Stay thirsty my friends.
First of all, as a caveat, this review is based upon play utilizing only two starter decks (Inferno and Brutus Magnus) and with no booster packs. Also, I won’t go into detail of the fine card quality or the hideous rules since I addressed them on a previous post. However . . .
a. To get the full impact of DF:SE, you will need to purchase some boosters. There are some powerful actions in the advanced rules only available to players if you have the right “expansion” cards provided in boosters. Fortunately, you know exactly what you are getting in each starter deck and booster when you purchase them, so you can design your decks even before you buy them. (Thank you Mr. Fox!)
b. The holes in the rulebook are very adequately filled by downloading the DF:SE tutorial, which is found on any of the card set order sites. You won’t be able to play without it. (“Huh? Wha? Oh, that’s what you’re supposed to do.”)
The design of the game is a hybrid of your typical space combat board game and a typical CCG. Individually, there is nothing new here, but the combination of the two is a unique experience I wanted to check out. As in many CCGs, you begin with your character (a mothership in this case) and utilize a deck of cards to determine its actions, equipment, etc. You also have a typical star map with hexes to maneuver your ship and blast away at your opponents. The cool aspect is the meshing of the two.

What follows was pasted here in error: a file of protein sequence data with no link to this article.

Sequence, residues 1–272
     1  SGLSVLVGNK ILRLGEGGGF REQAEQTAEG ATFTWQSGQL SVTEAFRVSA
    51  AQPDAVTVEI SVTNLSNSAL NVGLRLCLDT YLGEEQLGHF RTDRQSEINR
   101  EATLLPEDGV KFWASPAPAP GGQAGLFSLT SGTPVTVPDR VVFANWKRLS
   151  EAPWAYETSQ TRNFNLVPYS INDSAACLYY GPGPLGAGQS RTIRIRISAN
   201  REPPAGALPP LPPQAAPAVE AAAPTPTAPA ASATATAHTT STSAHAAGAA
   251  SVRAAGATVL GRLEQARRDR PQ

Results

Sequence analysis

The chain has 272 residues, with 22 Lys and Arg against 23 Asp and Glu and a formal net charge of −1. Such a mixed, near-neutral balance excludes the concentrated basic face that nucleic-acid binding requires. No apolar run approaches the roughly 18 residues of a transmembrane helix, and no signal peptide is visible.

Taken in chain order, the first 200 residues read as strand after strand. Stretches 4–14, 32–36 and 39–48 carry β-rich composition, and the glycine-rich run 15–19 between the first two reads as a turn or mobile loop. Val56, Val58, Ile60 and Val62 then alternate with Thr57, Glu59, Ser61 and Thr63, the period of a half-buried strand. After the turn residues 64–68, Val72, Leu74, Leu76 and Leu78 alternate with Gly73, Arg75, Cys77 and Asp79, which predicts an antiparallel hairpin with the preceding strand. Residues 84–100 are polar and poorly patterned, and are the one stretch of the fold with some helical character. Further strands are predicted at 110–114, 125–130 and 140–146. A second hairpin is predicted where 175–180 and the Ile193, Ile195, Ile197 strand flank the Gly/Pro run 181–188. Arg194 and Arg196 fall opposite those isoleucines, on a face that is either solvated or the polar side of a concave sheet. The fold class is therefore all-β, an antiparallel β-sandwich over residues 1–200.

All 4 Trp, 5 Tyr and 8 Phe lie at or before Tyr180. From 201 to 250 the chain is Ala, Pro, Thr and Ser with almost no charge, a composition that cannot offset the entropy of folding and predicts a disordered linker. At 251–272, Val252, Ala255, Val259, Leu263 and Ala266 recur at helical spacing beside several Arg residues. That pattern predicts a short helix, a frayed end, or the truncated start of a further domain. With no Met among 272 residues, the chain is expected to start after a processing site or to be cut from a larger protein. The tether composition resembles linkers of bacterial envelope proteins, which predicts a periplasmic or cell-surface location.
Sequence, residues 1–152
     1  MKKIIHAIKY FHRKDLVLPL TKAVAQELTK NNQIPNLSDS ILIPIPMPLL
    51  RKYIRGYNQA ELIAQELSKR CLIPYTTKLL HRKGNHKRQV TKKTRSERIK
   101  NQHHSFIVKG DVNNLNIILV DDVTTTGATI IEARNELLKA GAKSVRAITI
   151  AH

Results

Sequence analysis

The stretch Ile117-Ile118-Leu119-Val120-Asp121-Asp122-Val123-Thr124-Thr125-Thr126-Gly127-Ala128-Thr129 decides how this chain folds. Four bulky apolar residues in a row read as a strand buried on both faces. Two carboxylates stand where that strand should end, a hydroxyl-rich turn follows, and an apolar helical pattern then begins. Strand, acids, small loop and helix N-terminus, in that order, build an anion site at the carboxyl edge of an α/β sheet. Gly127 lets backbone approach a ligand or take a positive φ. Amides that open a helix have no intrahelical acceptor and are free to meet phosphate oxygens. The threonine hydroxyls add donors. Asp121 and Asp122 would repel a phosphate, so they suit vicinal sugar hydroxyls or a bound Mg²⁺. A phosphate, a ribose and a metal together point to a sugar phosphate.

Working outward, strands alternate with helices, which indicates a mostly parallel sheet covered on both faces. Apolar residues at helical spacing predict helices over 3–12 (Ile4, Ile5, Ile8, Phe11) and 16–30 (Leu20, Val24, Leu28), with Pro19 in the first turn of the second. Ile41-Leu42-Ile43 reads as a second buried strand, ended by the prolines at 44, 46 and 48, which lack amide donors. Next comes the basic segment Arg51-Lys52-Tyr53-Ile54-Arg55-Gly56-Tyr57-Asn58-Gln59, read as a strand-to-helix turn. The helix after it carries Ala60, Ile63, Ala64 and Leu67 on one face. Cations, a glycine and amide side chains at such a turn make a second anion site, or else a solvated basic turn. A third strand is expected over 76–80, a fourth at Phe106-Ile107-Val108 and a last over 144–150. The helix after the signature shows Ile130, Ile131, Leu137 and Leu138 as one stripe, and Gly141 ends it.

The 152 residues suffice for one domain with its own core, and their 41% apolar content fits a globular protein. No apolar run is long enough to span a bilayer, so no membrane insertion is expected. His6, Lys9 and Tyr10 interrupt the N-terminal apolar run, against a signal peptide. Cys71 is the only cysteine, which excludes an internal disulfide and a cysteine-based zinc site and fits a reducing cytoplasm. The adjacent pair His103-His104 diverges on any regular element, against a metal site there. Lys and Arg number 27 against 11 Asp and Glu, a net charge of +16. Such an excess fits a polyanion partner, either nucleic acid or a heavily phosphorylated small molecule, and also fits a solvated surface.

DF:SE is one of those designs that have the “Why hasn’t anyone thought of this before” appeal. It has the benefit of hand management and planning your turn from limited options of a CCG while still providing a tactical and less abstract feel of a space combat wargame. However, if you’re looking to zip across the cosmos and obliterate enemy ships with Armageddon-like weapons, flanking fire, and decaying shields, this is not the game for you. Once you maneuver within range of the enemy, combat is more of a sword fight of thrust and parry, out-thinking the blighter, whittling him away, and cursing the luck of the draw.
This is not to imply that the game is luck based. Since each player may have a hand of up to ten cards, your options are very open. So, most folly is by your own doing. Consider this a card driven game to the max.
Each turn is broken into three phases:
1. Preparation - Draw new cards, set/place up to three cards face down for your turn, or pass.
2. Resolution - Each player resolves any special abilities, then each set card is resolved.
3. Discard - All action cards are discarded. First player is rotated clockwise.
My overall impression is very positive, but nearsighted. As I mentioned, my two decks provided a limited experience without the ability to fully push DF:SE to its full potential. This is definitely a more-is-better game. The card art and its unique hybrid approach hooked me. But, whether this is a keeper or not, the best way I can summarize my opinion is, I’ve gotta get more stuff to see what this baby can do!